Why is movie candy sold in boxes?

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Imagine you’re at the movies: The lights have dimmed, the previews are over, chatter dwindles to a hush. You take a sip of soda through a straw. You pop some artificially buttery popcorn into your mouth. You tear open a bag of Skittles and start to chew.

That last part feels wrong, probably, because at the movies, candy comes in a box. Movie theaters are not the only place to buy boxed candy — you can get boxes of chocolate or candy at some drug stores or online — but even then they’re called theater box candy, a label that undeniably links the package with the movies.

So what’s with the box? Experts say that the distinctive packaging is about logistics — both for the theater, and for you and your buddies at the movies.

Rectangular theater boxes “make it easy [for consumers] to share their candy with their friends,” said Keith Domalewski, director of marketing at Just Born, which sells Mike and Ike and Hot Tamales.

A spokesperson for Mars Wrigley, maker of M&M’s and Skittles, made a similar point, noting that candy sold in “boxes in movie theaters is easier to pour and share, compared to traditional packaging, and boxes offer the ability to re-close.” That means less spilling in between seats.

Candy sellers are always thinking about how people are going to consume their products.

If you’re going to polish off a bag of M&M’s in one sitting or scarf down a chocolate bar on the bus, you don’t need to worry about re-sealing and are likely happy with a small, tearable package. If you’re looking for a sweet, portion-controlled snack, you might buy a bag of fun sizes.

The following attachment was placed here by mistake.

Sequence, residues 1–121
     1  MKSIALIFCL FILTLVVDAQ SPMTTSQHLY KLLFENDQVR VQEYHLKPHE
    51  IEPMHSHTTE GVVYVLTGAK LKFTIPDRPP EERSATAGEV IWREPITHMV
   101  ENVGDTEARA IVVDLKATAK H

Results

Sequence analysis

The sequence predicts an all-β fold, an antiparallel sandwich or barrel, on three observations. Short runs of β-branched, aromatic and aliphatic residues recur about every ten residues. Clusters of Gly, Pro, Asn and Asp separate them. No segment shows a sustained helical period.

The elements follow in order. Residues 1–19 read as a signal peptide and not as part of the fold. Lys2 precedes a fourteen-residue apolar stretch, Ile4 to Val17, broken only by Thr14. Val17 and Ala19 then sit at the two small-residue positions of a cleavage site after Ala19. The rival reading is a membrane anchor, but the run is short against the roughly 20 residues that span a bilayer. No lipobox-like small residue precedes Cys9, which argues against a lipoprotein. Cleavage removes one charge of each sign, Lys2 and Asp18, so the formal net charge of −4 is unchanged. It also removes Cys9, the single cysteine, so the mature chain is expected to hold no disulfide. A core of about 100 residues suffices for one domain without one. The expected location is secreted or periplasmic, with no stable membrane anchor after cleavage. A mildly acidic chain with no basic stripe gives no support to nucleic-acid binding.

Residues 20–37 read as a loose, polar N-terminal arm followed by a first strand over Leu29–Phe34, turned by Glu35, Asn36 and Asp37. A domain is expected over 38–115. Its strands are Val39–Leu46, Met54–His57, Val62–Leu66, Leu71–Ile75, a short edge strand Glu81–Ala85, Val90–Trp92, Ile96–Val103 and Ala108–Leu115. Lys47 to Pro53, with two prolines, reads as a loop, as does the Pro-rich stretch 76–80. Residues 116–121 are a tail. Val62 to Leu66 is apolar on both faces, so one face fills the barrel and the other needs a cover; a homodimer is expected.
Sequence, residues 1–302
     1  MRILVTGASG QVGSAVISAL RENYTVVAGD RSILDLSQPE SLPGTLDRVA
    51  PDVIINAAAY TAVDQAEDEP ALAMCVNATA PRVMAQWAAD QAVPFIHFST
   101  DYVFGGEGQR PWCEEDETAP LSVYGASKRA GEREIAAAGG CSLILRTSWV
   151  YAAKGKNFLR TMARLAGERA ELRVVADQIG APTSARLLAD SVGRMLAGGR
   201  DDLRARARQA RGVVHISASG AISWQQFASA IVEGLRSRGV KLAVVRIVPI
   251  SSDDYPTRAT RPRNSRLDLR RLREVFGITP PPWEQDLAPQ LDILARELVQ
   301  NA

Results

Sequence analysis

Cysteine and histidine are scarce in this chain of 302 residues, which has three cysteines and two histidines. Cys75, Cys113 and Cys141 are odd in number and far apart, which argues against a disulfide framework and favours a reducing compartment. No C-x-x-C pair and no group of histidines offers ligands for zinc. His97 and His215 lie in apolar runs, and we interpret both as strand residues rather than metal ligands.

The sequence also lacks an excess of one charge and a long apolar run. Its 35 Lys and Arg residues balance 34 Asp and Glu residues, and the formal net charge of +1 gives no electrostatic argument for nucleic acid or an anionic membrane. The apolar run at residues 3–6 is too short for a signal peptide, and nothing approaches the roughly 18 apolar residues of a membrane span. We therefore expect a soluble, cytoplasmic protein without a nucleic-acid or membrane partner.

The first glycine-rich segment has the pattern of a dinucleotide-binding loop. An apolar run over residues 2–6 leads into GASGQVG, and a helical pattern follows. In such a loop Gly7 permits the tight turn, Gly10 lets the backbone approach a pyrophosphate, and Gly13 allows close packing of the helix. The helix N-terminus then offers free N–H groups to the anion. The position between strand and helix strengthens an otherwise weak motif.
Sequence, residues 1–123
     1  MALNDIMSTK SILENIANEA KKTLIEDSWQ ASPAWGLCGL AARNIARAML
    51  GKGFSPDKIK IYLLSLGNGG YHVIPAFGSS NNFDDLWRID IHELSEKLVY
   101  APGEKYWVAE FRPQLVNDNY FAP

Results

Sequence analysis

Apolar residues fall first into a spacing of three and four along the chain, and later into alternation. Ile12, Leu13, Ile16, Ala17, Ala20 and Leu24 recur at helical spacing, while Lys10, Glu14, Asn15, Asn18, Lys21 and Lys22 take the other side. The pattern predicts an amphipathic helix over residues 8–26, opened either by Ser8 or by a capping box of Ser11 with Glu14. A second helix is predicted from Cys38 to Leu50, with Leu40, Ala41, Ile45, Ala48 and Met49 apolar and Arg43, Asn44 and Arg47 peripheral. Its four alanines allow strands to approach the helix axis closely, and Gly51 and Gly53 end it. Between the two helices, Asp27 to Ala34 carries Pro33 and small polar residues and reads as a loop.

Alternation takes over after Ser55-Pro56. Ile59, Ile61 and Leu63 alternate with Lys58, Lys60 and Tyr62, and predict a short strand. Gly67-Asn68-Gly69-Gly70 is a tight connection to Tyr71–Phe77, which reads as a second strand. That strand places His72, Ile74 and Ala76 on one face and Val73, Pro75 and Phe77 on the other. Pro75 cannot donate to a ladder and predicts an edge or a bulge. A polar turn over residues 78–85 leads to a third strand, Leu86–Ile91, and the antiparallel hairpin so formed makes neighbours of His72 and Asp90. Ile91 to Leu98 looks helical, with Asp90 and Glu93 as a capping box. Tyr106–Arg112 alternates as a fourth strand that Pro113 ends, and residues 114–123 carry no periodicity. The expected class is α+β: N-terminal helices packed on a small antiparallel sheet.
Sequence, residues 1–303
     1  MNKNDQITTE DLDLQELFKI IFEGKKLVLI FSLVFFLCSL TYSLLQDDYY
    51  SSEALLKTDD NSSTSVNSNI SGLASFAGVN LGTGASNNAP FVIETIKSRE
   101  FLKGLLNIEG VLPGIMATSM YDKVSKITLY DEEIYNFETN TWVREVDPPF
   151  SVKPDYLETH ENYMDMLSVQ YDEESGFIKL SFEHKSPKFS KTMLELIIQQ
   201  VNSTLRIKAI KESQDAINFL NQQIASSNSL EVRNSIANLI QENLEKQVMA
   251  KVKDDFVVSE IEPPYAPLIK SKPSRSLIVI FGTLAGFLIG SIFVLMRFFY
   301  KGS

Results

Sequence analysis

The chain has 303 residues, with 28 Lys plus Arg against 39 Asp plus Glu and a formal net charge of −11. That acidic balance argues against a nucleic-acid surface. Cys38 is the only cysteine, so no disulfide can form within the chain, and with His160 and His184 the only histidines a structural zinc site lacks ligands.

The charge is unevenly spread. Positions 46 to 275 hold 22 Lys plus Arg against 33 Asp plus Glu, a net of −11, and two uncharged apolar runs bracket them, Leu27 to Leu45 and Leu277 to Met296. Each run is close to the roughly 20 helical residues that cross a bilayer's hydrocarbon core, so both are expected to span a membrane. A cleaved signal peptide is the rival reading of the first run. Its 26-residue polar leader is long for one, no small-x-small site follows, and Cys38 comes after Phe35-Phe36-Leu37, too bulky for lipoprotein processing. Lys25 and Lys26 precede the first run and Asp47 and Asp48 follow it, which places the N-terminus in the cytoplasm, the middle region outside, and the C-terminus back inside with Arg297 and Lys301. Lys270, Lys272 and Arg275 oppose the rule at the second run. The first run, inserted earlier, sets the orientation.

At the movies, you’re probably going to be passing snacks along to friends, noted Chris Gindlesperger, senior vice president of public affairs and communications at the National Confectioners Association, a trade organization. “It’s a moment to share.”

In a convenience or grocery store, you might find candy hanging from a peg, Gindlesperger noted.

Those bags are designed to be displayed in that way. The principle is the same for movie theater candy.

“Theater boxes take their name from being available in movie theaters or other retail establishments that might have shelving,” he said.

You can browse at a grocery store, or grab a bag of candy off a peg as you move through the line. At a concession stand, you can’t do much but peek over your neighbor’s shoulder to scope out the offerings until you get to the counter.

“To be able to see the product and the brands and make a selection as a shopper, [the boxes] need to stand up,” Gindlesperger said.

The boxes are easier to stack on shelves than bags.

That’s important for the candy makers, who want their products to stand out.

“Theater boxes merchandise neatly behind the glass counter or on a grab-and-go shelf, and the large front panel makes it easy for consumers to find their favorite candy brands quickly,” said Domalewski.

And now that people associate boxed candy with the movies, they hold a fondness for the packaging. “There is strong consumer nostalgia with the ‘theater box’ format and movie watching — and some people will even purchase them for home screen time,” said the spokesperson for Mars Wrigley.

In general, consumers have been opting for smaller pack sizes, sometimes paying a premium to get help with portion control.

But going to “a movie theater is still a treat,” said Marcia Mogelonsky, senior director of insight at Mintel Food and Drink. “It’s not the place to practice portion control.”

Even if you’re going to the movies alone, you’re still expected to shell out for a large box of candy, which can be upwards of 3 ounces, nearly double a bag of M&M’s or a candy bar. And nobody would blink an eye if you finish it on your own.

“You can say that the whole concept is that big packages can be shared with friends when you go to the movies,” Mogelonsky said. “But how many people just sit there and eat the whole Twizzler package themselves?”

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